Class A motorhome at Whispering Oaks RV Park, Weimar, Texas © Rex Vogel, all rights reserved

Don’t Fight the Vehicle

Modern motorhomes have many nice “quality of life” features such as power steering, auto-leveling, improved suspension, and ABS. Take advantage of these. Be gentle on the steering, drive slowly and steadily, and give yourself plenty of space for any turns you need to take. Remember that ABS is designed to cut your stopping distance but in a very heavy vehicle you still have a lot of inertia especially on downward slopes. 

If you’re nervous about handling an RV, consider taking classes. Many companies offer rentals and classes where you can practice driving in a controlled environment to build your confidence.

Class A motorhome on Padre Island National Seashore, Texas © Rex Vogel, all rights reserved

Take Regular Breaks

Remember that you don’t have to get to your destination on a fixed schedule when you’re on a road trip. If you’re held up for a while, that’s not a crisis. You quite literally have a house behind you. If you’re feeling tired, stressed, or slightly concerned, pull over at the next rest area or truck stop and take a break. Get your co-pilot to take over the driving for a while if they’re able to do so. If not, just take a nap, go for a short walk, and then start driving again.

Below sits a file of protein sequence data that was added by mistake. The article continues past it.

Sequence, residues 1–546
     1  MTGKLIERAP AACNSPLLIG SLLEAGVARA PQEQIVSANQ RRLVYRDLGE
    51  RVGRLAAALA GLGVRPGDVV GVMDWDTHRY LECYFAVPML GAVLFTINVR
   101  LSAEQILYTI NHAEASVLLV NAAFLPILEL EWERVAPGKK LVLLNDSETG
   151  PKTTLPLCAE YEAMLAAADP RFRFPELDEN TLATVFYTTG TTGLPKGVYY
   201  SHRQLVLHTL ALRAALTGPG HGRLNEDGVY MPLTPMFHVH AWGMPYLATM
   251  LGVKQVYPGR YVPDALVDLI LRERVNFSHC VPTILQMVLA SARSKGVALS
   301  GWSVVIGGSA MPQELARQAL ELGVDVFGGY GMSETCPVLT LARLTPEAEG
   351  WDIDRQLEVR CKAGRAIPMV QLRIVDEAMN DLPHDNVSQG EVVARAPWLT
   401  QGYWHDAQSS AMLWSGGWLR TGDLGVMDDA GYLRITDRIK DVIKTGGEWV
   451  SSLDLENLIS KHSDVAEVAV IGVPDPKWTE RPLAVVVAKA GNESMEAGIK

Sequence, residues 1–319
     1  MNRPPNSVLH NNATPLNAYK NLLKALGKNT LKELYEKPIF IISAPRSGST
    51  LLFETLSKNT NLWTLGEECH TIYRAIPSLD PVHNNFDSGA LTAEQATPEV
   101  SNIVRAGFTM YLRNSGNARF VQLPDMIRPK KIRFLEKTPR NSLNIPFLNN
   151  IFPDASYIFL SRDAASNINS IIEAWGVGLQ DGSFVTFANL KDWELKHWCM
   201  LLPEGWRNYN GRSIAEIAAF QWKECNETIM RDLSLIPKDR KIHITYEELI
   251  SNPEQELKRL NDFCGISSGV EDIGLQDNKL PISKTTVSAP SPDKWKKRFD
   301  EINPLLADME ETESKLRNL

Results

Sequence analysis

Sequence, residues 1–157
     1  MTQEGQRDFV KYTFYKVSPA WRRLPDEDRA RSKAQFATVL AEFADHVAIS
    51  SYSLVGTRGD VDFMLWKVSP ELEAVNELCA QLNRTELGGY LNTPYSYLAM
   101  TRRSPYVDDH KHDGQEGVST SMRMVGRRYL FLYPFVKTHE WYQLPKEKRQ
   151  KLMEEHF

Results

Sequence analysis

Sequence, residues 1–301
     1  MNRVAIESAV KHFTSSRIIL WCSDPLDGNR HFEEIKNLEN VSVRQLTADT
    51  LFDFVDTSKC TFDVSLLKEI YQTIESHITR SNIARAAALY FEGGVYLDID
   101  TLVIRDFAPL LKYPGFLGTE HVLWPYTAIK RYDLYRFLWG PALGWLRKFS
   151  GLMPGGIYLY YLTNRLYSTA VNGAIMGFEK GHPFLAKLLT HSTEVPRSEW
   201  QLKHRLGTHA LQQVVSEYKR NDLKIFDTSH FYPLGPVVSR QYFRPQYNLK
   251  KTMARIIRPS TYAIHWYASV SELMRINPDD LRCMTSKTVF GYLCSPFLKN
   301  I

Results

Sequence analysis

Don’t drive in difficult conditions such as heavy rain, fog, snow, ice, or excessive wind. If you don’t like driving late at night, rest. The point of owning a luxury motorhome is to do things on your terms. Take your time and get to your destination safely then enjoy your holiday.

Class A motorhome at Coastal Georgia RV Resort, Brunswick, Georgia © Rex Vogel, all rights reserved

Worth Pondering…

No matter where we go in our motorhome, that sense of independence is satisfying. We have our own facilities, from comfortable bed to a fridge full of our favorite foods. We set the thermostat the way we like it and go to bed and get up in our usual routine.